RPA presents with odynophagia with concomitant dysphagia. Fever, dysphonia, malaise, retrosternal pain, cough, swelling in the neck, drooling, and dyspnea have been reported as well.5,7 The patient in this study reported only three of the aforementioned symptoms, i.e., dysphagia and odynophagia accompanied by fever.
The modality of choice for radiological imaging is CT scan with contrast.1 However, it is usually managed in an emergency setting, making CT scan a non-feasible choice. Our patient underwent a CT scan to confirm the diagnosis.
Management of RPA involves both medical and surgical interventions. Medical management is favoured in children with focus on airway monitoring, fluid resuscitation, and broad-spectrum antibiotics empirically until cultures are received.5 Sanz Sánchez et al. reported in their study that the common antibiotics that are used are amoxicillin and clavulanic acid and can be followed by piperacillin and tazobactam, cefotaxime, amikacin, linezolid, etc. They also described the available surgical options which include external drainage, mediastinal drainage via thoracotomy, intra-oral drainage with or without CT-guidance, and placing a penrose-type drain in the space after cervicotomy.8,9 The patient in this case report had infection by beta-hemolytic streptococcus and underwent intraoral surgical drainage along with ceftriaxone and metronidazole.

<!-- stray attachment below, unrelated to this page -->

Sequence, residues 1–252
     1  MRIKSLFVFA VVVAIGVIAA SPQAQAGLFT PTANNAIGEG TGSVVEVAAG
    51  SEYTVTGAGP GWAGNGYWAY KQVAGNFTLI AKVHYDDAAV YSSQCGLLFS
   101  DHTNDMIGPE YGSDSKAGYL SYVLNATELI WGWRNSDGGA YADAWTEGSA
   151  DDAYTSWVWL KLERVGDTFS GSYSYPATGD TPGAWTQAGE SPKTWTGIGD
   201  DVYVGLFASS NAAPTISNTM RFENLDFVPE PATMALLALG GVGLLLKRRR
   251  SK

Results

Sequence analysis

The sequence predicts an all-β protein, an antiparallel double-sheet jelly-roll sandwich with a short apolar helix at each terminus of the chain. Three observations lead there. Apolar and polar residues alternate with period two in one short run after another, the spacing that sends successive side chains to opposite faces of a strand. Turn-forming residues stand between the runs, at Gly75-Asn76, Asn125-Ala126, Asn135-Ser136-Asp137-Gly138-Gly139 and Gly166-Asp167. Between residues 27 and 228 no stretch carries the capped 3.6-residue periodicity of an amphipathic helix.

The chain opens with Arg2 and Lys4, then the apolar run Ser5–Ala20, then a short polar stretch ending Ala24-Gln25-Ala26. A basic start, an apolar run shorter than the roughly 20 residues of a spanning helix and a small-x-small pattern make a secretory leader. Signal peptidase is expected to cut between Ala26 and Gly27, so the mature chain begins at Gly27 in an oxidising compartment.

The atypical nature and presentation of this case makes it a rare occurrence. The patient reported no history of trauma or tuberculosis indicating spontaneous development of an abscess. The presentation was subacute rather than acute. Furthermore, he did not report any difficulty in breathing in contrast to the cases available in the literature which report significant dyspnea even warranting an intubation. Such cases can enrich the literature and aid in the standardisation of the management options to reduce morbidity and mortality along with the length of hospital stay, ultimately improving the patients' clinical outcome and quality of life.
A written informed consent for high-risk surgery and tracheostomy was obtained.
The authors declared no competing interest.
SQH: Literature search, introduction writing.
OS, MF: Discussion writing.
AJ: Manuscript writing.
SZ: Final approval.
All authors approved the final version of the manuscript to be published.